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Catriona Ward was born in Washington DC and grew up in the US, Kenya, Madagascar, Yemen and Morocco. She now lives in London where she works as a writer and researcher for Bianca Jagger's human rights foundation. Rawblood is her first novel.
Eve and Dinah are everything to one another, never parted day or night. They are raised among the Children, a community of strays and orphans ruled by a mysterious figure they call Uncle. All they know is the grey Isle of Altnaharra which sits in the black sea off the wildest coast of Scotland. Eve loves the free, savage life of the Isle and longs to inherit Uncle's power. She is untroubled save by her dreams; of soft arms and a woman singing. Dinah longs for something other. But the world is at war and cannot be kept at bay. As the solitude of Altnaharra is broken, Eve's faith and sanity fracture. In a great storm, in the depths of winter, as the old year dies, the locals discover a devastating scene on the Isle. Eve and Dinah's accounts of that night contradict and intertwine. As past and present converge, only one woman can be telling the truth. Who is guilty, who innocent?
Highly Recommended. Catriona Ward’s assured and artful first novel is a wonderfully gothic tale. Set in an Edwardian Devon haunted by the Great War it has its roots in some dark Victorian family secrets. The story revolves around Iris, last of the Villarca line, who lives in the eponymous Rawblood house. The Villarcas have died young for generation after generation; struck down by a curse that means they must be alone. So when Iris falls for farmer’s son Tom her father forbids her from seeing him. So far so melodramatic but this is no corny dark romance. Ward is an astonishingly adept writer with a wonderfully poetic turn of phrase and she is also in complete control of her characters and the plot. It quickly becomes clear that this is a many layered, complex and subtle novel and Ward has a real gift for sowing her horrors seamlessly into a psychologically real story. The west country setting and the period Ward has chosen add real flavour and while the obvious shadow of Thomas Hardy hangs over this Ward knows what she is doing and makes the book her own. Key to this is her prose style. There are real poetic touches here but they are always robustly rooted in landscape and nature – there’s more than a hint of Ted Hughes’ very physical poetry in her descriptions. If you enjoy Essie Fox or Sarah Perry Rawblood will haunt you. ~ Simon Spanton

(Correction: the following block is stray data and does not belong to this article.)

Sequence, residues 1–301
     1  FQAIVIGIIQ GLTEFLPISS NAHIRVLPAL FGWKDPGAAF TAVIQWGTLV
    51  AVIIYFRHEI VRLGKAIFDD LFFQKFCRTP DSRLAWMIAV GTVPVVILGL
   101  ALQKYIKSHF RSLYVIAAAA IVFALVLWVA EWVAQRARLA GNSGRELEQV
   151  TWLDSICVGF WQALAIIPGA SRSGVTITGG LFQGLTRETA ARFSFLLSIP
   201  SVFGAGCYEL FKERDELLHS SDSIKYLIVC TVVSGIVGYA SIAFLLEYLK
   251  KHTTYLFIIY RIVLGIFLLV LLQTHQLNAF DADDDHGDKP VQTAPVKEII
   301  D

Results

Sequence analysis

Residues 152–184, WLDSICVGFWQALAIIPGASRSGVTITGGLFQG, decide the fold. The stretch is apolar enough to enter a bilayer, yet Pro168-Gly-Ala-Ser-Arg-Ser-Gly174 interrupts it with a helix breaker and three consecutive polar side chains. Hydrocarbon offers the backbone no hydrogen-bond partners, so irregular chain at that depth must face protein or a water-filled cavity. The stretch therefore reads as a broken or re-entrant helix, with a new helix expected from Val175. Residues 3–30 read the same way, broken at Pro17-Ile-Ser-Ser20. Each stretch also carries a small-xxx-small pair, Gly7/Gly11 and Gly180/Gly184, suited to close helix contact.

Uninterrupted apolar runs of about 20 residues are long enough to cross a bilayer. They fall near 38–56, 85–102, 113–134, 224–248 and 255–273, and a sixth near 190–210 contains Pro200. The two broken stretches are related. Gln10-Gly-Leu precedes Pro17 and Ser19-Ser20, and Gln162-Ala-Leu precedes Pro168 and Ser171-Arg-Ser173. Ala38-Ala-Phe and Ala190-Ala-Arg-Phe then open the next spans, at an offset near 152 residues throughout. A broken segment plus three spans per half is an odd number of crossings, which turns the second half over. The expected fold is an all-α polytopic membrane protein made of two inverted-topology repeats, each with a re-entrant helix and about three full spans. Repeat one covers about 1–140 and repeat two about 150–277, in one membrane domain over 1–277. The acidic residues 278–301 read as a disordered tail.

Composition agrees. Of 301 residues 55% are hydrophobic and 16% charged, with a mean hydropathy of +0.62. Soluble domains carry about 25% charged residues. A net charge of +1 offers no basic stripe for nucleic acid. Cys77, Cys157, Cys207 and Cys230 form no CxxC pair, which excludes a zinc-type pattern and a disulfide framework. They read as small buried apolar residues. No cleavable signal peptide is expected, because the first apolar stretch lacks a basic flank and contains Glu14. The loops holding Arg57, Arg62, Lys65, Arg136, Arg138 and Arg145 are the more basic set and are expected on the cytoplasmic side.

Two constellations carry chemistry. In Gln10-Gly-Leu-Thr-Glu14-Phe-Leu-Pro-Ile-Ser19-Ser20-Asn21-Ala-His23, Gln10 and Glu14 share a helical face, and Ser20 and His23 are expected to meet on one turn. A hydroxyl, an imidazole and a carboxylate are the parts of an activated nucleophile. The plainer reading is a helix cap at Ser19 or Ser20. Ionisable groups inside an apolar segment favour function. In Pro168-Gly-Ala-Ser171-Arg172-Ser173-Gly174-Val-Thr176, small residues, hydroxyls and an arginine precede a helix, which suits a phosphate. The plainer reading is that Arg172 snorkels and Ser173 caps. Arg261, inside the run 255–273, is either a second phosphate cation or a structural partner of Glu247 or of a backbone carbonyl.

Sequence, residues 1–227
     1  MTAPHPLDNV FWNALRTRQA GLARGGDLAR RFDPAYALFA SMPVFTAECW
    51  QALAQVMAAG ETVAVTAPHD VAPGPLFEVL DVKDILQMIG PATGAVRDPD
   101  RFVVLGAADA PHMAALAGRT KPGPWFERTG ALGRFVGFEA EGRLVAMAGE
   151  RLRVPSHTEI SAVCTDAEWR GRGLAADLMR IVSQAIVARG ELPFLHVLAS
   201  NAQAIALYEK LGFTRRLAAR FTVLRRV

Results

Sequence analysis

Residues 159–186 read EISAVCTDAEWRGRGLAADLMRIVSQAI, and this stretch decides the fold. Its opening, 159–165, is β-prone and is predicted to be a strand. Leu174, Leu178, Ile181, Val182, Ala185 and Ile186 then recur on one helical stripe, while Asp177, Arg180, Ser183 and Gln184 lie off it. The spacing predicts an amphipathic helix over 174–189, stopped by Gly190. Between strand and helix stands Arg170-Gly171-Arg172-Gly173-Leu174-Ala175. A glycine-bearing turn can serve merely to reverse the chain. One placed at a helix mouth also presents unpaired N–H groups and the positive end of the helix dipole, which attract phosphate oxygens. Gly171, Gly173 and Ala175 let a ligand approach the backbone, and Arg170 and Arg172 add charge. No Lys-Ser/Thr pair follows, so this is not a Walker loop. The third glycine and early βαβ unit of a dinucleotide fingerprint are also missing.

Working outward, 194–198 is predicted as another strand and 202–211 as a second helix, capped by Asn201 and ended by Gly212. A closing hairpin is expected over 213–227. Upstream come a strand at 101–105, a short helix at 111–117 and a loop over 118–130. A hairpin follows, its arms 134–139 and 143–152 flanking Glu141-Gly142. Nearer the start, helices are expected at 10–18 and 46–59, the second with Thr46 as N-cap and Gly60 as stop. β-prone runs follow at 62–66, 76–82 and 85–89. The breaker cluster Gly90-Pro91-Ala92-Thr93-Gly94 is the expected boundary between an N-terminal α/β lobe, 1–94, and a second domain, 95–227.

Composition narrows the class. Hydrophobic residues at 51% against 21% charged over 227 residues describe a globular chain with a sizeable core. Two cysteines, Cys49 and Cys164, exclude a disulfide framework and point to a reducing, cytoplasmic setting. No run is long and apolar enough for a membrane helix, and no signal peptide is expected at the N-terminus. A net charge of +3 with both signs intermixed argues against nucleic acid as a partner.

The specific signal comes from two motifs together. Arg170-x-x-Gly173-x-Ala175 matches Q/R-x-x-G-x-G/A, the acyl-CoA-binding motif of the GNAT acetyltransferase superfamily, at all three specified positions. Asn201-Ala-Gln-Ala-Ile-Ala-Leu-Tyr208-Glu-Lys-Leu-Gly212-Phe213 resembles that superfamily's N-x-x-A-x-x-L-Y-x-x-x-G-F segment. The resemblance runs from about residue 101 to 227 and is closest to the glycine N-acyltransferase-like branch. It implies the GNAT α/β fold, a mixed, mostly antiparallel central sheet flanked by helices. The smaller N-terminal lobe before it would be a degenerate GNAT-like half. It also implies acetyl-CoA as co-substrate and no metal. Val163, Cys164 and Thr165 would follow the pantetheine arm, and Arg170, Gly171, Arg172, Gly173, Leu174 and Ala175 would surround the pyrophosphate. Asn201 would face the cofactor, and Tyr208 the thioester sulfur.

Shortlisted for the Best Horror Novel at the British Fantasy Awards 2016. October 2015 Debut of the Month. A ghostly, achingly sad, yet excruciatingly beautiful debut. This is effectively one story, however there are a number of narrators covering a period of 80 years from 1839; at times it feels as though you are being kept at a considerable distance, at others as though you are at their shoulder, seeing, listening, feeling. The stories are not told sequentially, instead time meanders, darts, pulls and pushes, which initially creates a feeling of confusion, yet, yet…Rawblood gradually takes a grip and absorbs you, as a malevolent presence hovers over the pages, waiting. The house of Rawblood set within Dartmoor sits centrally in the storyline, described so vividly it feels as though you can reach out, touch it. As understanding grows, a fear develops for what is to come, for what has already been. To describe Rawblood just as a ghost story feels like an injustice, Catriona Ward has created a moving, original tale of love and destruction, one that is truly enthralling and memorable. ~ Liz Robinson